Reports of NATO’s “brain death” were greatly exaggerated, it turns out. That was the memorable diagnosis French President Emmanuel Macron offered for the trans-Atlantic alliance in 2019. But as the 30 allies — and two future ones — powwow in Madrid this week, an updated health check suggests the exact opposite appraisal.
Far from comatose, NATO is today more vital and vigorous than it’s been since the height of the Cold War. It remains the greatest guarantor of security in the West and the entire free world. It is without doubt the most successful alliance in history.
When Macron was speaking off the cuff in 2019 — a time so recent in years and yet so distant in events — the allies had a lot to worry about. One concern was a U.S. president, Donald Trump, who disdained America’s partners and cast doubt on NATO’s theretofore sacrosanct mutual defense clause, and thereby its power to deter aggression.
Another worry was NATO’s mission drift. The original threat — from the Soviet Union between 1949 and 1991, Russia thereafter — appeared to wane. China and climate change weren’t on the official list of adversaries yet. The case for “out of area” operations — from the Balkans to the Horn of Africa — had often been flimsy.
The credit for curing this identity crisis belongs, of course, to Russian President Vladimir Putin. By becoming exactly the kind of threat NATO was founded to defend against, he proved his erstwhile appeasers wrong and the Cassandras right. Putin’s attack on Ukraine this year has been so brutal, irrational and inhumane that all allies have remembered NATO’s raison d’etre: deterrence of Russia, and — if it comes to that — defensive war against it.
The immediate outcome of the Madrid summit will therefore be the refortification of NATO’s entire eastern front facing Russia and its accomplice, Belarus. Its members will also increase their military spending. That includes, at long last, Germany.
Above all, the alliance will expand, by adding two militarily strong and geographically strategic members: Finland and Sweden. Both countries long prided themselves on their neutrality, but now want the safety of NATO’s Article 5 — an attack on one is an attack on all. In return, they can help turn the Baltic Sea into a NATO lake, the better to defend the most exposed allies — Lithuania, Latvia and Estonia.
The backstory to this Scandinavian enlargement highlights another difference between 2019 and 2022. It is that NATO once again, as during the Cold War, benefits from American leadership.
Recep Tayyip Erdogan, the president of Turkey, had been blocking the accession of Finland and Sweden, accusing both of coddling Kurdish groups he considers terrorists. In exhausting negotiations between the three countries, Turkey has now extracted enough concessions from the Nordics for Erdogan to drop his veto. Sweden and Finland will apparently clamp down on Kurdish organizations, but without sacrificing the rule of law in individual cases.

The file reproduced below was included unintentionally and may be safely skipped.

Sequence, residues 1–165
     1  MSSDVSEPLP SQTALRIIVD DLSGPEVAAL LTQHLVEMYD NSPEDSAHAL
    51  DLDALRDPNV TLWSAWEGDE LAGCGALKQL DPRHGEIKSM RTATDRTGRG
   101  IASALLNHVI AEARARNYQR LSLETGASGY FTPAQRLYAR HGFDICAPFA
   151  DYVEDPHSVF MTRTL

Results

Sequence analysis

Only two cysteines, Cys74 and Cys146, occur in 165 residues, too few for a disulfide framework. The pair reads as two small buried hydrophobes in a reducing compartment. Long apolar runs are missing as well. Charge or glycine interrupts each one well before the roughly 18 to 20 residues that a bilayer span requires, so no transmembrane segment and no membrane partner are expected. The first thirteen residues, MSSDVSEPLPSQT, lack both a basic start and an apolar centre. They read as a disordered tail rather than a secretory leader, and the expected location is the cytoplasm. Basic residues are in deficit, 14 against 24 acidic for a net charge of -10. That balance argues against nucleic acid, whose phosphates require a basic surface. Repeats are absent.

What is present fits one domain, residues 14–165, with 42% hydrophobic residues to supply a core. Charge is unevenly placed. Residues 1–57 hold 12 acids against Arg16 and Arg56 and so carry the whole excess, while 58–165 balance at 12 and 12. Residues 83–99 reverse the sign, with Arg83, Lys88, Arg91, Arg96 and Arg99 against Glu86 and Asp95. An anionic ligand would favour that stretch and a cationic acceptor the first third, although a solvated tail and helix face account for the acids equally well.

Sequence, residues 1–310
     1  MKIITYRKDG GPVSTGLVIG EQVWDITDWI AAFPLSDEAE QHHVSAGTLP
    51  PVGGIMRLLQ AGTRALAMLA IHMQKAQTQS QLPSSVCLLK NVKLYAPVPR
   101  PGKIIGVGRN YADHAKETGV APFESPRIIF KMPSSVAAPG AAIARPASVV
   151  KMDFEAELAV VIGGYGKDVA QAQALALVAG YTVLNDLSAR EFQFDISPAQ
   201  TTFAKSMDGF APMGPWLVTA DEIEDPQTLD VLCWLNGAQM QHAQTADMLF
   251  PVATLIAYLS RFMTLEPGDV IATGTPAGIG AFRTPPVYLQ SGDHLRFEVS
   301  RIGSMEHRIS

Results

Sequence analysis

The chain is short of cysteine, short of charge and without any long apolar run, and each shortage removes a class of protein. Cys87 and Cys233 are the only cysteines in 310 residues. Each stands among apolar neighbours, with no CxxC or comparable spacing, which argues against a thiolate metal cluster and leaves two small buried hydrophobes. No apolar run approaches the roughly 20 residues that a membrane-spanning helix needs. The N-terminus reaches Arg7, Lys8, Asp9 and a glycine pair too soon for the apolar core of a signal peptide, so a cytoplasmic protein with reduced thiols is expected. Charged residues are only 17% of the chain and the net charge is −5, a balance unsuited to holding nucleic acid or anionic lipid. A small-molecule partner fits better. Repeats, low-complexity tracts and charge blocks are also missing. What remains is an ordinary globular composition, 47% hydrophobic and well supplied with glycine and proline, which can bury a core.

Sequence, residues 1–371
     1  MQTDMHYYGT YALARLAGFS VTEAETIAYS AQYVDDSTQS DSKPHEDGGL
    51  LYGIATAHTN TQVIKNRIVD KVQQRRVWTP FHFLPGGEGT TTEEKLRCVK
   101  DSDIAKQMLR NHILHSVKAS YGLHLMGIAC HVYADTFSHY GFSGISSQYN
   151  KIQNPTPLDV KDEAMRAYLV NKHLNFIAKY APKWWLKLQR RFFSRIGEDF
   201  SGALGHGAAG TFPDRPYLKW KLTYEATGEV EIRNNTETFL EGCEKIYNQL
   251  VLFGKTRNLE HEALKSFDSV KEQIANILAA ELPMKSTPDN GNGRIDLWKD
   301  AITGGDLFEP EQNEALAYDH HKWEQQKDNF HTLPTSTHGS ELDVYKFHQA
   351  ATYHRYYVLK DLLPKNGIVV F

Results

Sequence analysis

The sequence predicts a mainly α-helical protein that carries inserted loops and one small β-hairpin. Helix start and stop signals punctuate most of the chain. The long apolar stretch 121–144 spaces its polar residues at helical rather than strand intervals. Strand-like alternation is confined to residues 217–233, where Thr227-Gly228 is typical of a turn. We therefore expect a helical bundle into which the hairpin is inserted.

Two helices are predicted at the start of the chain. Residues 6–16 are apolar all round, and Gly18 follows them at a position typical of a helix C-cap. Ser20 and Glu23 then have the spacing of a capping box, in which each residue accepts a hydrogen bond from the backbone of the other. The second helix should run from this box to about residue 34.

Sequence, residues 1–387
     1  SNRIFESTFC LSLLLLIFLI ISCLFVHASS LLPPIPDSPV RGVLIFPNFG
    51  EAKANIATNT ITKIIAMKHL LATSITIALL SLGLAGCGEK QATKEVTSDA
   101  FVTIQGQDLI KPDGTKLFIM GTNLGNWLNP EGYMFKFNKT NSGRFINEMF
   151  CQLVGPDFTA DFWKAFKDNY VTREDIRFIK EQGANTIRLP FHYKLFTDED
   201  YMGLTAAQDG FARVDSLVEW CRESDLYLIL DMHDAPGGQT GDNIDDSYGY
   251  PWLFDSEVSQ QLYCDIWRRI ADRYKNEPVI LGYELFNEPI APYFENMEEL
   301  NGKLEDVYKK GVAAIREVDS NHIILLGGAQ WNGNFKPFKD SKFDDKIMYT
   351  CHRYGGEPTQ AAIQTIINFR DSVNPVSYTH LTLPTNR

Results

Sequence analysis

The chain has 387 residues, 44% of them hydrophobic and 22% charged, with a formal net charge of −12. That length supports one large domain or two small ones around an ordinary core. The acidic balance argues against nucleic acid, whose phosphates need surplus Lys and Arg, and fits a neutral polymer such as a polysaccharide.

The decisive nudge appears to have come from President Joe Biden, who gave his Turkish counterpart a good talking to. Biden is loath to reward autocrats — and that’s what Erdogan is nowadays — with one-on-one time. But this week Biden reminded Erdogan of the bigger geostrategic picture, while publicly keeping his role deliberately below the radar. This is the opposite of the approach taken by Trump, who relished causing discord at maximum volume.
The allies won’t be able to resolve all vexing questions this week. It’s far from clear how they should deal with China, a potential adversary in the future, or climate change, the meta-problem that will cause countless conflicts to come. Nor is it obvious how exactly NATO and the European Union, which is also trying to strengthen its internal military cooperation, should overlap. Above all, NATO must — in secrecy — war-game the worst scenario: What if Putin uses nuclear weapons?
That said, the alliance deserves accolades. It is containing the kind of aggressor it was built for, and thereby keeping its allies as safe as they can be. Jens Stoltenberg, NATO’s secretary general, said it best. Putin wanted less NATO; instead, he’s getting more of it. Good.
Andreas Kluth is a Bloomberg Opinion columnist covering European politics. A former editor in chief of Handelsblatt Global and a writer for the Economist, he is author of “Hannibal and Me.” This column does not necessarily reflect the opinion of the editorial board or Bloomberg LP and its owners.
The views expressed here are the writer’s and are not necessarily endorsed by the Anchorage Daily News, which welcomes a broad range of viewpoints. To submit a piece for consideration, email commentary(at)adn.com. Send submissions shorter than 200 words to firstname.lastname@example.org or click here to submit via any web browser. Read our full guidelines for letters and commentaries here.